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Storm slams Wheatbelt

Haidee VandenbergheCountryman

A severe thunderstorm and destructive winds have swept through the Wheatbelt, leaving a multi-million-dollar damage bill in their wake.

Bureau of Meteorology severe weather meteorologist Brad Santos said the storm developed near Geraldton late Saturday morning, before travelling south at the remarkable rate of 90km an hour.

By the afternoon, it had traversed most of the State, affecting an area from Geraldton to Albany and east to Merredin.

The storm, which was not a direct cause of Cyclone Bianca, brought wind gusts of 106km at Dalwallinu, 109km at Geraldton airport and 126km at Cunderdin airfield.

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However, Wongan Hills, Toodyay, York and Northam bore the brunt of the wild weather.

Mr Santos said based on the amount of damage in York and Northam, winds would have exceeded 126km.

York Shire councillor and local farmer Tony Boyle said he had never seen anything like Saturday’s storm.

“Several houses were flattened and many lost big portions of their roof — at least 50, ” he said.

“We weren’t expecting anything out of it, because it wasn’t part of the cyclone. But emergency services were outstanding, which was appreciated by the people of York.”

Mr Boyle lost three sheds and fences were damaged on his farm, meaning thousands of sheep were able to mix.

“The wind picked up 500kg bales of straw and they hit the fence, flattening them, ” he said.

“It just picked them up as though they were weightless.”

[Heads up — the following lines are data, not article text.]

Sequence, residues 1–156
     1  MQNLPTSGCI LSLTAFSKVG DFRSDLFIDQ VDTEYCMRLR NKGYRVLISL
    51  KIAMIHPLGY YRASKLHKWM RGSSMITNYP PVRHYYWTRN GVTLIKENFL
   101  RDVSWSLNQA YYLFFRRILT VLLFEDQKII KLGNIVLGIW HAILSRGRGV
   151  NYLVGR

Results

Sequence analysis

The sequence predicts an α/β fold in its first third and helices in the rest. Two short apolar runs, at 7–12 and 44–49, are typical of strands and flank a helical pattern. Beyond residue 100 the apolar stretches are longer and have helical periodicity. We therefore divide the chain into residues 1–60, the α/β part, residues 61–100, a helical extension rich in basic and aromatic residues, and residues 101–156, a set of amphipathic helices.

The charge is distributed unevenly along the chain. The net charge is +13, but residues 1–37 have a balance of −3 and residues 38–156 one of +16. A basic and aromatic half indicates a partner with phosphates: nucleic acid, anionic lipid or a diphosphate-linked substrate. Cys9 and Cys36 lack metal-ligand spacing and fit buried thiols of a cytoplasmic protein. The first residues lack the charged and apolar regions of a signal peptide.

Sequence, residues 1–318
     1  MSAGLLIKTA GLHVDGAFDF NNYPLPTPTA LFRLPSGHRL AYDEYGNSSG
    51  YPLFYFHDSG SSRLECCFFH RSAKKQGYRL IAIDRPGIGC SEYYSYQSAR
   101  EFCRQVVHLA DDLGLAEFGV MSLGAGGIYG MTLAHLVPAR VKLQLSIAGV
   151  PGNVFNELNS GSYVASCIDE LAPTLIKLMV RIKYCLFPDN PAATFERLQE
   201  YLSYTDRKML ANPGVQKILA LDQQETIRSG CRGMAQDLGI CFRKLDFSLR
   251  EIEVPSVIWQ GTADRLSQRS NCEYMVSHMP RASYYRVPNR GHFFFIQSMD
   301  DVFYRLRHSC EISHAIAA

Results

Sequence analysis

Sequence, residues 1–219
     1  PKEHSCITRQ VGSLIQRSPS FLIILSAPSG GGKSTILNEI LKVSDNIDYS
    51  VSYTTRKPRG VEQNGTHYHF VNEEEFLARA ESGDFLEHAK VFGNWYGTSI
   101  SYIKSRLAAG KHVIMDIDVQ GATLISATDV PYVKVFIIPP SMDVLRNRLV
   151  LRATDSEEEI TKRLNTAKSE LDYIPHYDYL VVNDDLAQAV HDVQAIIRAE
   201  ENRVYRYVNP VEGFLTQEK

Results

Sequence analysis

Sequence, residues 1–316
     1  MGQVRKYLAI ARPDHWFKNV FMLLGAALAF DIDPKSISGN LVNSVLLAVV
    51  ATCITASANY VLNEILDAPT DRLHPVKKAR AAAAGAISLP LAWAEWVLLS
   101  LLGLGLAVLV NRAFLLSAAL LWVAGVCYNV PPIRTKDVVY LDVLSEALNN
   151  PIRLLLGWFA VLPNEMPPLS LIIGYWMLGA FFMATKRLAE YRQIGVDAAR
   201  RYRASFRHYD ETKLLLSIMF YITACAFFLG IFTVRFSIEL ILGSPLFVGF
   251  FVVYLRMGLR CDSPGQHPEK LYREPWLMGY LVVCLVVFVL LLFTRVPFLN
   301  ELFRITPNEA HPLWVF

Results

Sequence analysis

York’s historic racecourse, which had only just reopened in September, was decimated by the storm, after its century-old grandstand was all but destroyed.

Shire president Pat Hooper was pinning his hopes on the Government declaring the York area a disaster zone, so the shire could access funding for the clean up effort.

In Northam, local resident Mike Ashworth estimated that at least a fifth of the town’s houses had been damaged.

“I know of some houses that might have to be demolished, ” he said.

While reports of damaged houses, sheds and fences continued to pour in, for some the real cost of the violent storm was the loss of precious topsoil.

Hand-feeding of sheep started almost immediately this week, after winds blew away stubble in some areas, taking parched and fragile soils along with it.

Southern Brook farmer Paul Antonio likened the storm to Cyclone Alby in 1978, and said lupin stubbles on his farm had been obliterated.

“You couldn’t see more than a foot in front of you from dust, ” he said. “You could see it from the north and it rolled in like a massive wave.”

Northam-based ConsultAg agronomist Garren Knell said many were lucky to receive rain with the wind, but wide stretches of the Wheatbelt had been left vulnerable to wind erosion.

“They finished spring bare and now there is going to be a feed gap for farmers, ” Mr Knell said.

“Some areas had up to 50mm of rain, which will mean a drop in feed quality.

“Dams are full of sheep manure. In a lot of cases, stubble blew into fences, causing them to fall over.”

More storms and isolated showers were expected throughout the Wheatbelt and Great Southern this week, although they were not expected to be as damaging as Saturday’s storm.

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